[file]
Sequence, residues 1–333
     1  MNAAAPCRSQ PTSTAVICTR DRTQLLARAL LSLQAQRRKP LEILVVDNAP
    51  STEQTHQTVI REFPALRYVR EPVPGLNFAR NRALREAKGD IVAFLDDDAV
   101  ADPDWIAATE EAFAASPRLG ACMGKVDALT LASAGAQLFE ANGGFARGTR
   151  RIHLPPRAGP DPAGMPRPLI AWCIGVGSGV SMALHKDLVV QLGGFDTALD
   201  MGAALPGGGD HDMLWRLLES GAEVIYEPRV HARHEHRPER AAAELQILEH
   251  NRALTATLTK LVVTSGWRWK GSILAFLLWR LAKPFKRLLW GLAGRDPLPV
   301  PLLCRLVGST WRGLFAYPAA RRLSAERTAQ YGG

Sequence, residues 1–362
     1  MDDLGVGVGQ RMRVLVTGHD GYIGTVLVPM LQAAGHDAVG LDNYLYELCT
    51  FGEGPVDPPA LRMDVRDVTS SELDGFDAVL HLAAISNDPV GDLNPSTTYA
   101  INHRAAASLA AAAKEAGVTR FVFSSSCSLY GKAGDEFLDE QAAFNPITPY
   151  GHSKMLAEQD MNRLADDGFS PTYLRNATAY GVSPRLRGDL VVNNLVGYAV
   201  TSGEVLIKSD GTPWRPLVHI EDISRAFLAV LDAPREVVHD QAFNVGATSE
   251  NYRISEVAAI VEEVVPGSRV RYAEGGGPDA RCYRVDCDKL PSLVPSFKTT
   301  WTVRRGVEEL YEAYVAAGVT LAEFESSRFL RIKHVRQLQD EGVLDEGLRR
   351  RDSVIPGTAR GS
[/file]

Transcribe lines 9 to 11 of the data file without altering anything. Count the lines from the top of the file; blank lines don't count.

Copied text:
Sequence, residues 1–362
     1  MDDLGVGVGQ RMRVLVTGHD GYIGTVLVPM LQAAGHDAVG LDNYLYELCT
    51  FGEGPVDPPA LRMDVRDVTS SELDGFDAVL HLAAISNDPV GDLNPSTTYA